The shape of the ring frame member can be seen in FIG. 1 in particular, the cover plate 12 shown in FIG. 2 preferably having an outside perimeter shape the same as that of ring frame 11.
It will be noted that the plural electrical leads of which 17, 18, 19 and 20 are typical, extend and are imbedded within widened portions 15 and 16 of the ring frame side wall, thereby avoiding interference with the cover plate. At a predetermined point (or points, not necessarily in alignment) the leads are bent inward to enter the interior volume within the ring frame 11 as enclosed by the base plate 10 and cover plate 12. The points at which the leads enter this interior volume may be staggered as desired to accommodate the circuitry therein.
It will be realized that the resistance to mechanical damage (of the type which is often destructive of glass-to-metal seals) afforded by the configuration of leads shown is much superior to that afforded in prior art arrangements.
The ends of leads 17, 18, 19 and 20 extending externally are visible at 17a, 18a, 19a, and 20a in FIG. 3. In addition to the moulding of the ring frame 11 to base plate 10, the aforementioned leads are moulded in place during the same operation. Still further, four threaded inserts (typically 14) are moulded into the ring frame itself for attachment of the entire assembly by means of screws through the external heat sink into these inserts from the 10a side of 10. Bore 21 provides an overtravel space for such screws.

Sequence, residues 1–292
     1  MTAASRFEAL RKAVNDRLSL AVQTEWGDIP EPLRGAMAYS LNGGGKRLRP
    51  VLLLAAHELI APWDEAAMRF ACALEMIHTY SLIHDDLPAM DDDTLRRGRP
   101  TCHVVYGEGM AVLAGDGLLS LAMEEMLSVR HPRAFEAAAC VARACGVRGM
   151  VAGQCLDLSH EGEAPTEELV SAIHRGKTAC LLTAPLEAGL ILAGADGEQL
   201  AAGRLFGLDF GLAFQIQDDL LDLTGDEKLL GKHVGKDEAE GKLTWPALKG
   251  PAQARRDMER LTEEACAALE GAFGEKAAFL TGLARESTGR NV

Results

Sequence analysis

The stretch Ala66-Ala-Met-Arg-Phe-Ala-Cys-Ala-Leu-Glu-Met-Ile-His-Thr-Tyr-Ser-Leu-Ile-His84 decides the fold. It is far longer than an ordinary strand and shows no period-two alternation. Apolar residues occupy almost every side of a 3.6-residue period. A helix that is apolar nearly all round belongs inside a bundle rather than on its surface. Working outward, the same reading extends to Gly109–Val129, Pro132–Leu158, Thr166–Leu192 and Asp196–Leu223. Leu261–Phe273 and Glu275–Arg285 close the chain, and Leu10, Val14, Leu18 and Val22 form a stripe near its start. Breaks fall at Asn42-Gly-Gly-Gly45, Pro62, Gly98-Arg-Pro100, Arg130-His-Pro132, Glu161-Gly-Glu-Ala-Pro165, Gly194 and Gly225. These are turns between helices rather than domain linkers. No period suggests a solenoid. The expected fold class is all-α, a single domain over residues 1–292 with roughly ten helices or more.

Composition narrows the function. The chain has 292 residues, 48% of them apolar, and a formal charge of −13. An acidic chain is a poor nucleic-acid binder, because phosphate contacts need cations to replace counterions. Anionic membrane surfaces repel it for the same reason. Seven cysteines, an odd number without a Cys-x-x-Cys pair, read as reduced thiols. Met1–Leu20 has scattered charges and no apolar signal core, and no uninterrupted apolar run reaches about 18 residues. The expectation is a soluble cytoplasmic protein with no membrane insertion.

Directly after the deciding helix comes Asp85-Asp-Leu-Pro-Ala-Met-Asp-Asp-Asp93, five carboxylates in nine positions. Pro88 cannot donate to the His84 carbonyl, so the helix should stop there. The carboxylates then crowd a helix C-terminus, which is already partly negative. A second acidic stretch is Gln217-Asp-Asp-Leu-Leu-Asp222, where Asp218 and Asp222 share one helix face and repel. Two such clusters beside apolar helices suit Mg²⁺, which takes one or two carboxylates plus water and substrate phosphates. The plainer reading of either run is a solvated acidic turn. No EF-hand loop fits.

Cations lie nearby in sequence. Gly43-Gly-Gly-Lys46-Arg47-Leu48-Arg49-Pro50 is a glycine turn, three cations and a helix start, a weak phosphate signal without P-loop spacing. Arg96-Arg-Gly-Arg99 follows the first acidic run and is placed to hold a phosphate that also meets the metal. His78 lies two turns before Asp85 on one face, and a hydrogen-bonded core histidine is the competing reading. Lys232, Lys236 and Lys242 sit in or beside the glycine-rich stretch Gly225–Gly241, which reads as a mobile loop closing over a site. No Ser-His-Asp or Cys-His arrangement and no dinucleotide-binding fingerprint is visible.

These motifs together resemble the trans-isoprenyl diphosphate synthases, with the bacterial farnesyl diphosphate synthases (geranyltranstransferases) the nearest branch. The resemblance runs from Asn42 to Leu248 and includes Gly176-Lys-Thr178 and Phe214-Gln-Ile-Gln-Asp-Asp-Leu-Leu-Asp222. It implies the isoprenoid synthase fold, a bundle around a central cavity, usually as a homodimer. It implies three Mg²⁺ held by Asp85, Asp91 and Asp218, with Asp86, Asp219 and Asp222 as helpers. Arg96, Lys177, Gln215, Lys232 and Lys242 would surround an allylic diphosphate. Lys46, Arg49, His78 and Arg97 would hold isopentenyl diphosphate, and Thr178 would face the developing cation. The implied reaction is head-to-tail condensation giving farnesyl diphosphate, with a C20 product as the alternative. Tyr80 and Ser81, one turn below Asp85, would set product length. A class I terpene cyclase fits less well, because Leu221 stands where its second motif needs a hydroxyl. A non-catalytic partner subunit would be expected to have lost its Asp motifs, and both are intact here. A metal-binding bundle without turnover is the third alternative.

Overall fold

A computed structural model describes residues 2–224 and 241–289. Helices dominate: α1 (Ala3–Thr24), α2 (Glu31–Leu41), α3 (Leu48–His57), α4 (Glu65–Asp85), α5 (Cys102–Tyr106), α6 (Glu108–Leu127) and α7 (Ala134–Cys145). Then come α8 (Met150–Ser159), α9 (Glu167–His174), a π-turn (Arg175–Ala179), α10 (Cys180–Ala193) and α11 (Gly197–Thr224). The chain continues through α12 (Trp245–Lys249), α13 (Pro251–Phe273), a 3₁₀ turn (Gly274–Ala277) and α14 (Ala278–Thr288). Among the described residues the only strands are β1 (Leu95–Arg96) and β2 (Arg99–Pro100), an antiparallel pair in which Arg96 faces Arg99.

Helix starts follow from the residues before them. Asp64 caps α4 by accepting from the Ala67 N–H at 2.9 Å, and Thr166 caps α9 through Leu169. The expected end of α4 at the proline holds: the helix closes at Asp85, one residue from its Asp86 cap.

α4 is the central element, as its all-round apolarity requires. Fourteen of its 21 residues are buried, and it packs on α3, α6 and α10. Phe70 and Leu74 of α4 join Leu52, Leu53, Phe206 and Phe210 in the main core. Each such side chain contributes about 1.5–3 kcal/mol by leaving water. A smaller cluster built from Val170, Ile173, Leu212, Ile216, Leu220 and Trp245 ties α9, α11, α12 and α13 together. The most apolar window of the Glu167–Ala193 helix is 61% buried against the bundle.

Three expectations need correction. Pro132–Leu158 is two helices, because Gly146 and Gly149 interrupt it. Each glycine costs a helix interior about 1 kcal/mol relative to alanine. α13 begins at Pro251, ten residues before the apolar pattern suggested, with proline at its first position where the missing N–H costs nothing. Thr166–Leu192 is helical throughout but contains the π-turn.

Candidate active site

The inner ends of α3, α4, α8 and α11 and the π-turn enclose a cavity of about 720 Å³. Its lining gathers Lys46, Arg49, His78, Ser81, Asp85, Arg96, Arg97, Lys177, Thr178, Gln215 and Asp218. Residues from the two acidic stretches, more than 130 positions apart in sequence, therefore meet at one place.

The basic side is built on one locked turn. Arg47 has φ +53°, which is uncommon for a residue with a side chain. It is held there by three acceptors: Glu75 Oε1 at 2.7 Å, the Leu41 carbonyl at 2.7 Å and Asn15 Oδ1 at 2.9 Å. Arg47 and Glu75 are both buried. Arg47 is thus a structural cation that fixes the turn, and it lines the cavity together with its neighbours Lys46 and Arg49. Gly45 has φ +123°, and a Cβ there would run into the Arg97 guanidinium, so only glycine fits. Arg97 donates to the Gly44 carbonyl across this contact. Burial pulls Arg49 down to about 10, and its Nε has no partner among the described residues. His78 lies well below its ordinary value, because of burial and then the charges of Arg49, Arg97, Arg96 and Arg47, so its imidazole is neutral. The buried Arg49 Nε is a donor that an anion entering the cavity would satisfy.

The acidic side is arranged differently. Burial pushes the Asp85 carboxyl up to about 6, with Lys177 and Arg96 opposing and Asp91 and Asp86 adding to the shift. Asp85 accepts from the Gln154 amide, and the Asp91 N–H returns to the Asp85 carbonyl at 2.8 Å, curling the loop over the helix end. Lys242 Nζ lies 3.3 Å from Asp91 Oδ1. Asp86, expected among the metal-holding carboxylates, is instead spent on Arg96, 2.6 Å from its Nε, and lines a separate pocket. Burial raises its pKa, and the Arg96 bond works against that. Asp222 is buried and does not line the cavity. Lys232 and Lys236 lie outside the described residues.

At this point in the description the preferred material for the ring frame 11 and cover plate 12 will be described. That preferred material is a polyamideimide thermoplastic generically classed as an amorphous polymer. Such a material is available from Amoco Chemical Co. under the trademark "Torlon", and is ideal for injection moulding. It is available in a standard grade product as Torlon 5030 with 30% glass fiber and 1% PTFE (polytetrafluorethylene). When hardened, Torlon is very strong, has a dielectric strength on the order of 600 volts/mil and a volume resistivity of at least 1.2×1017 ohm-cm, thereby affording the electrical properties suitable for relatively high voltage circuits. One particularly advantageous use for the invention is in connection with hybrid circuits operating at voltages up to 1000 volts dc. The addition of the glass fiber improves the ring frame coefficient of expansion match, vis-a-vis, a copper base plate at 10.